Even better, the support also provides kids with more female role models, and that, she says, is incredibly important.
“There are so many sports out there and kids could be interested in any one of them, so it’s nice for them to be able to pick a sport and look up to someone.” Without a doubt, one of those ‘someones’ is Ellyse herself, and as we gear up for our final challenge – a sack race – I ask her what it’s like to be a sporting icon in the eyes of so many.
“It’s always lovely to feel that what you’re able to do is enjoyed by others.
Over the past couple of years, whenever we finish a game, there are always kids around who want to talk to us regardless of how we’ve played. They’re stoked to be there, and that always puts things in perspective,” she says. “The real heart of sport is at a local level, and the privilege to be paid to play is really cool.” As for how long Ellyse plans to keep playing, well, that’s something she hasn’t really thought about. Both she and Matt know that sport doesn’t last forever, but for now, she’s focussing on the present.
“We’d both love to make the most of sport before we do other things in life,” she explains. “I think when you stop being motivated to get better, it’s time to hang things up, but I’ve still got it in me at the moment and I enjoy the challenge.” It’s then that I realise I’m about to beat Ellyse in a sack race. I can’t believe it’s happening, but when I leap across the finish line first, I let out a giant cheer and ungraciously lift my arms in victory. As she laughs and says “Well done”, I think this will be my greatest legacy. When I ask what she hopes hers will be, Ellyse replies, “To have a generation of girls want to take up sport because of our team.” And in that moment, I know for sure that Ellyse Perry just let me win.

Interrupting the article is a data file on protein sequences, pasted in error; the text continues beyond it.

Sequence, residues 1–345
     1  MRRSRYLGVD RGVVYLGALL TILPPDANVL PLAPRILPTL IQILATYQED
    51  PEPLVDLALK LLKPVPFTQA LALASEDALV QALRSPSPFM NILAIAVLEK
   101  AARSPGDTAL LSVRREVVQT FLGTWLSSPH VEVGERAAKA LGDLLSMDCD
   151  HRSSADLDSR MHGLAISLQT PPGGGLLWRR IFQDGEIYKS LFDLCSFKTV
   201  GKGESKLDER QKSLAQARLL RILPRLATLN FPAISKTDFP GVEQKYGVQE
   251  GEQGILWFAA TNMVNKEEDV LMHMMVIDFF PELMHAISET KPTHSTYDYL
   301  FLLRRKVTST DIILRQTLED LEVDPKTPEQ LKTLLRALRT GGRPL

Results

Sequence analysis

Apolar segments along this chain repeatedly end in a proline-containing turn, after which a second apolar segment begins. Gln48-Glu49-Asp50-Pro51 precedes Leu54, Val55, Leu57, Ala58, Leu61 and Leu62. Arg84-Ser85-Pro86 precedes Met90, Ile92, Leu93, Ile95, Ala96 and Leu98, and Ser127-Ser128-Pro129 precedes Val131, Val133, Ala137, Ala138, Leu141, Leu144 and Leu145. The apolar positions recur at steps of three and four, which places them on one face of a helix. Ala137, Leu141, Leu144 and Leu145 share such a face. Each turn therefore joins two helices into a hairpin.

HOW WOMEN’S CRICKET IS LEADING THE WAY
It might have taken a while, but the Australian Women’s Cricket Team is finally claiming its place in the spotlight. Case in point: The inaugural day-night Women’s Ashes Test last November, which attracted some of the biggest crowds in women’s cricket history. Sponsored by the Commonwealth Bank – which has backed women’s cricket for the past 18 years – it drew more than 12,000 spectators. A further 230,000 people watched the live and high-definition broadcast online. If you didn’t catch the game, don’t sweat it.
In an effort to give the public what they want – that is, more female sports stars on our screens – the bank has pledged to spend $15 million on improving diversity in cricket, which includes its sponsorship of the national women’s team as well as numerous grassroots programs, plus its co-funding of the Growing Cricket for Girls Fund. And with more companies cottoning on to the power of female athletes, we’re tipping that women’s cricket will only get bigger. We can’t wait to watch it happen!